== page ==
FIGURE 3
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Figure 3. AREG protein levels in plasma and saliva. (A) in asthmatic with allergic rhinitits compared to those who are not and (B) in asthmatics currently on Montelukast sodium (Singulair) compared to those who are not on Singulair.

TABLE 4
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Table 4. Correlation between plasma AREG concentrations, and the cohort demographics and laboratory tests.

On the other hand, saliva AREG levels correlated significantly with key clinical indicators for asthma assessment compared to plasma AREG, as listed in Table 5. Beside allergic rhinitis (r = 0.42, p = 0.02) and atopy status (r = 0.37, p = 0.02), saliva AREG level correlated positively with ACT score (r = 0.38, p = 0.04), FEV1 (% predicted) (r = 0.47, p = 0.001), FEV1/FVC (r = 0.48, p = 0.02) and eczema status (r = 0.35, p = 0.03). Interestingly, saliva AREG level correlated positively with the age of onset as adult asthmatics showed higher levels (r = 0.31, p < 0.05).

TABLE 5
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Table 5. Correlation between saliva AREG concentrations, and the cohort demographics and laboratory tests.

AREG Protein Expression Was Higher in Bronchial Epithelial Cells of Mild Asthmatics Compared to Those of Moderate and Severe Patients as Well as Healthy Controls

AREG expression in lung tissue and its cellular localization were investigated using bronchial biopsies from asthmatic patients (n = 13) and healthy controls (n = 4), as shown in Figure 4. The asthmatic samples were from mild (n = 5), moderate (n = 4), and severe (n = 4) patients. Immunohistochemical expression of AREG was high in bronchial epithelial pseudostratified cells, while lower expression was observed in fibroblasts and other cells, including infiltrating immune cells. Interestingly, AREG expression in a healthy epithelium was nuclear while it was cytoplasmic in asthmatic samples. As expected, AREG expression was positive (6 out of 13, 46.15%) in asthmatic patient's samples compared to only 1 out of 4 samples in the control group (25%). Interestingly, AREG expression was positive in 4 out of the five mild asthmatic samples (80%) compared to only 1 case out of the four moderate (25%) and severe asthmatic samples (25%), p = 0.0495.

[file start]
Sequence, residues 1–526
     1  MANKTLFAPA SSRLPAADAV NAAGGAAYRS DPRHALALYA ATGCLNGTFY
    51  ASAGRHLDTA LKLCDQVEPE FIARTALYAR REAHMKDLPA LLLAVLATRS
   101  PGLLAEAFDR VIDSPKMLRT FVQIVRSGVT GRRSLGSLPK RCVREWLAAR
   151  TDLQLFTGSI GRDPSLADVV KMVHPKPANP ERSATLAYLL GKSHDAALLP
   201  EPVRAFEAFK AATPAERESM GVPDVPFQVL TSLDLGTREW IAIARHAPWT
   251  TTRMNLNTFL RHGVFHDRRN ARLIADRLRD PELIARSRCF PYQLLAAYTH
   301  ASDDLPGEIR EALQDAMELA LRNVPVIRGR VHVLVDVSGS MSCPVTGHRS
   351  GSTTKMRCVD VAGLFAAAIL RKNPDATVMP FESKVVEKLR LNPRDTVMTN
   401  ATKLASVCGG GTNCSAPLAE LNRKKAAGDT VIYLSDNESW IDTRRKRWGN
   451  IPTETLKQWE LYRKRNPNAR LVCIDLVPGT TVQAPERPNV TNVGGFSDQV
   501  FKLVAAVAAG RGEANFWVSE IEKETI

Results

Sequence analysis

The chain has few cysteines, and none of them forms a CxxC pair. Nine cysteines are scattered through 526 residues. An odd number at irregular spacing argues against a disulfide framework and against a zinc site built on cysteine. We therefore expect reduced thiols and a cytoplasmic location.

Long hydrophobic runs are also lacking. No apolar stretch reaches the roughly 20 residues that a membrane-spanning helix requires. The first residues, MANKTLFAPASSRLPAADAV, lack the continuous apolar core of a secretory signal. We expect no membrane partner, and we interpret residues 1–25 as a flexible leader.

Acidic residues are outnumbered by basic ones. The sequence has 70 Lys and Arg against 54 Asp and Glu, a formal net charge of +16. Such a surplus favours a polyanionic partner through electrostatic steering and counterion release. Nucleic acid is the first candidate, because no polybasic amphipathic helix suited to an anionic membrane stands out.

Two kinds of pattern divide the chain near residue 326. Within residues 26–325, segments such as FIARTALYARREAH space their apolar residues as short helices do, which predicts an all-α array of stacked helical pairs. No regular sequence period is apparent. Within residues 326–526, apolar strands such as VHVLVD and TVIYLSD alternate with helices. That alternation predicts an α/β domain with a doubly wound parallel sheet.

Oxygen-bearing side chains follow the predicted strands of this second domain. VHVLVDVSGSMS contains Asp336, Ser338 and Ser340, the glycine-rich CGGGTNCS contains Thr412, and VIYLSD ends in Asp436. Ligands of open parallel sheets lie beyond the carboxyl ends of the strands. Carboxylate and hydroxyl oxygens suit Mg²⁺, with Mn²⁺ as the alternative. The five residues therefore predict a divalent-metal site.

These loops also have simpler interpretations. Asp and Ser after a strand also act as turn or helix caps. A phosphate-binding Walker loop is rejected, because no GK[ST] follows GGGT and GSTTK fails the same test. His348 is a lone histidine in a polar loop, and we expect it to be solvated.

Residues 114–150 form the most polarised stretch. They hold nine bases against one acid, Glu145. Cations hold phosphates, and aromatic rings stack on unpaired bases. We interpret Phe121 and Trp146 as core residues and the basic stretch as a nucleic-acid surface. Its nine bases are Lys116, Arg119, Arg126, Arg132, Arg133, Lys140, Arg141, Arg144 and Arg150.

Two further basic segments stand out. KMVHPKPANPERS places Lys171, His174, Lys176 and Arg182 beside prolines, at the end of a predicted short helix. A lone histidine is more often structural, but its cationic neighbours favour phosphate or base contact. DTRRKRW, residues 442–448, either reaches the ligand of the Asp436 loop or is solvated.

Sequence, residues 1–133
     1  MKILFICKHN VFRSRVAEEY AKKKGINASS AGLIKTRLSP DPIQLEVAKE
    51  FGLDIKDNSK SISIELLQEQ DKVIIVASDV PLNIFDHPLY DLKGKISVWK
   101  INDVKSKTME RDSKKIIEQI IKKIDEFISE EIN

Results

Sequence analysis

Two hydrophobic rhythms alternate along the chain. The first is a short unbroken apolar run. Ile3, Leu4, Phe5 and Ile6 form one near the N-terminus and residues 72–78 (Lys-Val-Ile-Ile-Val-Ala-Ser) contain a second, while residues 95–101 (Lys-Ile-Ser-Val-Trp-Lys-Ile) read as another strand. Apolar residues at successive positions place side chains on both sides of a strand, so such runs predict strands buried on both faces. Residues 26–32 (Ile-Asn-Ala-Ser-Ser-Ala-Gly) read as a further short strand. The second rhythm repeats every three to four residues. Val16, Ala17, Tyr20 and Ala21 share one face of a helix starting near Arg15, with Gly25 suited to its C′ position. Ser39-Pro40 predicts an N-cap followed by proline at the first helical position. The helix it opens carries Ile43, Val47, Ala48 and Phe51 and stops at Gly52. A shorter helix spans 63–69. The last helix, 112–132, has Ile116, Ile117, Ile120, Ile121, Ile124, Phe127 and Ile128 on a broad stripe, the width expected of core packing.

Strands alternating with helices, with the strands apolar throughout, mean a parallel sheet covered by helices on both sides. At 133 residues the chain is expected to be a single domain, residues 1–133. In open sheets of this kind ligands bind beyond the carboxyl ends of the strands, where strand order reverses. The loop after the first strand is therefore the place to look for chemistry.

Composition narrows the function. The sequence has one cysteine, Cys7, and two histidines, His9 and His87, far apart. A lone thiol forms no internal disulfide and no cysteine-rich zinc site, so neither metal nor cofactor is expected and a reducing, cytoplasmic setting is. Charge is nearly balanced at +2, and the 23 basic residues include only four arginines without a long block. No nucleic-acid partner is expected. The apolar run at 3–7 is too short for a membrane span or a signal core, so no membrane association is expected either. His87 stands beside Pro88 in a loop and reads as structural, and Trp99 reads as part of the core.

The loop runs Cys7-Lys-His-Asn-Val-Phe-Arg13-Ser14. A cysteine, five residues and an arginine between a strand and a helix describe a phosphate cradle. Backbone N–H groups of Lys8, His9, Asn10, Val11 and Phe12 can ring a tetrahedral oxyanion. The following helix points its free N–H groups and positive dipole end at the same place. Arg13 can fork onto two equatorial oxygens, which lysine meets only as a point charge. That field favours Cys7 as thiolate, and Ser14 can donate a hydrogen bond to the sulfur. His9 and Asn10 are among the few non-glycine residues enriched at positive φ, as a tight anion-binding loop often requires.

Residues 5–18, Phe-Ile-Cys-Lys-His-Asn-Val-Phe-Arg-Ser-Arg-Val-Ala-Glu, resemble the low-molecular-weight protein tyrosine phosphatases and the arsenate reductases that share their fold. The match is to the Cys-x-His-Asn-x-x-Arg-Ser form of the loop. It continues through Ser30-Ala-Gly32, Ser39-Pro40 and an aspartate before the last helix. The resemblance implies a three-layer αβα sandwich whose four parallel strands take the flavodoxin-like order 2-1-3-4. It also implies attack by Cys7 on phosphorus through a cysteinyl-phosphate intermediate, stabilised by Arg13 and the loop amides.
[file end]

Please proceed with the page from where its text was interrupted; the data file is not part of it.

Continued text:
FIGURE 4
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Figure 4. Immunohistochemical staining of AREG in bronchial biopsies of healthy, non-severe (mild and moderate) and severe asthmatic patients. (A) Arrows showing positively stained epithelial cells, (B) percentage of positive AREG IHC staining sample among all samples examined in each group.

AREG mRNA Level Was Higher in Non-severe Asthmatic Bronchial Epithelial Cells Compared to Healthy Controls and Severe Asthmatic

AREG mRNA and protein levels were measured in primary bronchial epithelial cells and fibroblasts from asthmatic patients and healthy controls. AREG mRNA expression was upregulated in non-severe asthmatic bronchial epithelial cells compared to healthy controls (p = 0.05), and severe asthmatics (p = 0.04), Figure 5A. Using ELISA, secreted AREG levels detected in the conditioned media of bronchial epithelium using ELISA showed no significant difference between asthmatics and healthy controls, as shown in Figure 5B. Nevertheless, asthmatic bronchial epithelial cells secrete higher amounts (more than five times) of soluble AREG in their conditioned media compared to their asthma severity matching fibroblasts, indicating that epithelial cells are the primary source of pulmonary AREG in asthma. Moreover, bronchial fibroblasts of severe asthmatics (n = 3) showed lower expression of AREG mRNA compared to healthy fibroblasts (n = 4) (p = 0.04), which goes in line with the ELISA results (p = 0.01), Figures 5C,D.

FIGURE 5
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Figure 5. AREG mRNA and secreted protein in bronchial epithelium cells and fibroblasts of healthy, non-severe, and severe asthmatic individuals. Assessment of AREG in asthmatic bronchial epithelium compared to the healthy epithelium on the (A) mRNA level measured by qRT-PCR, (B) secreted AREG protein levels by ELISA. Similarly, AREG was assessed in asthmatic fibroblasts compared to the healthy fibroblasts for the (C) AREG mRNA levels by qRT-PCR and (D) secreted AREG protein levels by ELISA.